The subsidies, which are taken from people’s energy bills, would enable coal stations to modernise their facilities. This could in turn render coal generation economically viable past 2020.
The move would hinder the UK’s efforts to meet carbon emission reduction targets, as coal produces roughly twice the level of CO2 as gas.
The scheme was announced shortly after Ofgem stated that in the last year the risk of blackouts in the UK had increased from one in 12 to one in four.
Tackling carbon emissions
Lord Teverson, the Liberal Democrat lead on energy policy in the Lords, has proposed amending the Energy Bill to extend the emissions performance standard (EPS) to relevant coal stations.
Speaking to The Independent he said: “Just a few years ago we all thought that coal was on the way out. But that is no longer the case. The collapse in its price due to America switching from coal to shale gas means power plants that would have been uneconomical may now be given a new lease of life. That is why it is so important that we put new safeguards into the Energy Bill so that, if they remain on the grid, their emissions are controlled by EPS.”
Suppliers won’t be ‘big winners’
A spokesperson from DECC said coal fuelled power stations should be allowed to compete in the capacity market. “Ruling out all existing coal plant overnight would add unnecessary cost to consumer bills. The future economics of existing coal plants don’t stack up well. The combined effects of their age, EU environmental regulations and the escalating carbon price will outweigh benefits of staying open,” he added.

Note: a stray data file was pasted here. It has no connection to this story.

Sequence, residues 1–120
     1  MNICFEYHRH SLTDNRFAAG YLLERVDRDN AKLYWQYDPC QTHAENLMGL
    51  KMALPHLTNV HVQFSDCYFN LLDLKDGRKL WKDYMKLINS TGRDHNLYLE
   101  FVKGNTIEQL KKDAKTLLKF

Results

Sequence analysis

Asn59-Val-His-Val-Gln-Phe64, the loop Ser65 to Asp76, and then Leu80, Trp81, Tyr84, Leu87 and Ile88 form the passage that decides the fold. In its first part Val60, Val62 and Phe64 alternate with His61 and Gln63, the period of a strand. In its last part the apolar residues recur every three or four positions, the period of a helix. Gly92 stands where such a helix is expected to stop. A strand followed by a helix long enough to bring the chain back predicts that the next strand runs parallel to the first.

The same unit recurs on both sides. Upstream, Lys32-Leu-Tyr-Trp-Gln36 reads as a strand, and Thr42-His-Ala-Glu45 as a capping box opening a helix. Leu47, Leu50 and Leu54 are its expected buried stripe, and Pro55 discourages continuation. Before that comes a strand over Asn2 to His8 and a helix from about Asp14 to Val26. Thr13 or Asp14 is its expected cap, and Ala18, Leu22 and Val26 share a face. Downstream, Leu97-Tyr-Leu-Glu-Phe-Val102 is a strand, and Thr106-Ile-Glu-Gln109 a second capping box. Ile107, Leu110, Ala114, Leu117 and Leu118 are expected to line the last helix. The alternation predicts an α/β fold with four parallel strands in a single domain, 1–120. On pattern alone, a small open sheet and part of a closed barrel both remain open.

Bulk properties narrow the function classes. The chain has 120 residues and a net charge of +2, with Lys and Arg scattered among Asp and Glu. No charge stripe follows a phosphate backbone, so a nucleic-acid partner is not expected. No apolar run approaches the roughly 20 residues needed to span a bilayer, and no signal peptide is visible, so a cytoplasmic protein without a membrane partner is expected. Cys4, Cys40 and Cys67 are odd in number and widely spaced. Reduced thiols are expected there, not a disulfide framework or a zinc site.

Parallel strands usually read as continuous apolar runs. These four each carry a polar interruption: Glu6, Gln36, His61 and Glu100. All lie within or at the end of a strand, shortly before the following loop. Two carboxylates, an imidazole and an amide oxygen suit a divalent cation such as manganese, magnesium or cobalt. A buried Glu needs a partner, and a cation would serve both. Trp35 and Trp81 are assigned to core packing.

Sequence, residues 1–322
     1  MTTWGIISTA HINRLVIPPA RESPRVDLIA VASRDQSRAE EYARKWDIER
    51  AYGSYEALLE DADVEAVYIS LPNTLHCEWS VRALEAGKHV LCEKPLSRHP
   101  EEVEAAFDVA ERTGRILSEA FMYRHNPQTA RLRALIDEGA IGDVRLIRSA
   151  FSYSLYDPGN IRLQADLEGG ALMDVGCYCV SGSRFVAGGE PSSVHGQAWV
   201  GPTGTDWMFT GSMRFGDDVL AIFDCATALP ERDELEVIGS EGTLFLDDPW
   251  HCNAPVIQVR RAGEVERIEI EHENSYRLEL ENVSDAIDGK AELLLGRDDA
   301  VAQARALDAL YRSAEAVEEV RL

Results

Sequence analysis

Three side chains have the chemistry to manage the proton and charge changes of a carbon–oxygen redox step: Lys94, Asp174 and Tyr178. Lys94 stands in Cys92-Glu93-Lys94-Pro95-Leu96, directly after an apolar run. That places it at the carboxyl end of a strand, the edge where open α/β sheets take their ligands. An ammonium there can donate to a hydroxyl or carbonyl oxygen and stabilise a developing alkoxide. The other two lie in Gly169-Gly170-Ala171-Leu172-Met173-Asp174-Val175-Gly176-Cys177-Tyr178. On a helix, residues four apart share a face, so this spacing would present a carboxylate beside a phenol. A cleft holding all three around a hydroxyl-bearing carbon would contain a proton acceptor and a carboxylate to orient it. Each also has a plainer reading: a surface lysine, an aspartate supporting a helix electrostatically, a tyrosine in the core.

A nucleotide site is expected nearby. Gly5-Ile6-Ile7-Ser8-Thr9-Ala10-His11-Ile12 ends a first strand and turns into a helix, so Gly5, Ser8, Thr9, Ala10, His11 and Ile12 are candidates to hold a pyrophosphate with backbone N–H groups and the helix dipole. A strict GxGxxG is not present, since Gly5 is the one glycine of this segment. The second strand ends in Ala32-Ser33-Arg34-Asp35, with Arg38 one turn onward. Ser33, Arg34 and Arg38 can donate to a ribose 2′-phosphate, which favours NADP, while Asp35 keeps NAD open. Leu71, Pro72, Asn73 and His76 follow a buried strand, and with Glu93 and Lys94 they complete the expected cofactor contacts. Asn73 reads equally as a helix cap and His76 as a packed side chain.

“Capacity market payments will be a fraction of that suggested and will also lead to a lower wholesale electricity price, so it’s wrong to expect participants to be big winners.
“Our modelling tells us that by 2025 only about 3% of our power is expected to be provided by coal.”
Joss Garman, deputy political director at Greenpeace, expressed his concerns over the handout: “This latest subsidy, amounting to hundreds of millions of pounds taken from consumers’ bills, would keep the UK dependent on the dirtiest fuel of all for at least another decade, while simultaneously putting at risk investment in less polluting power systems.”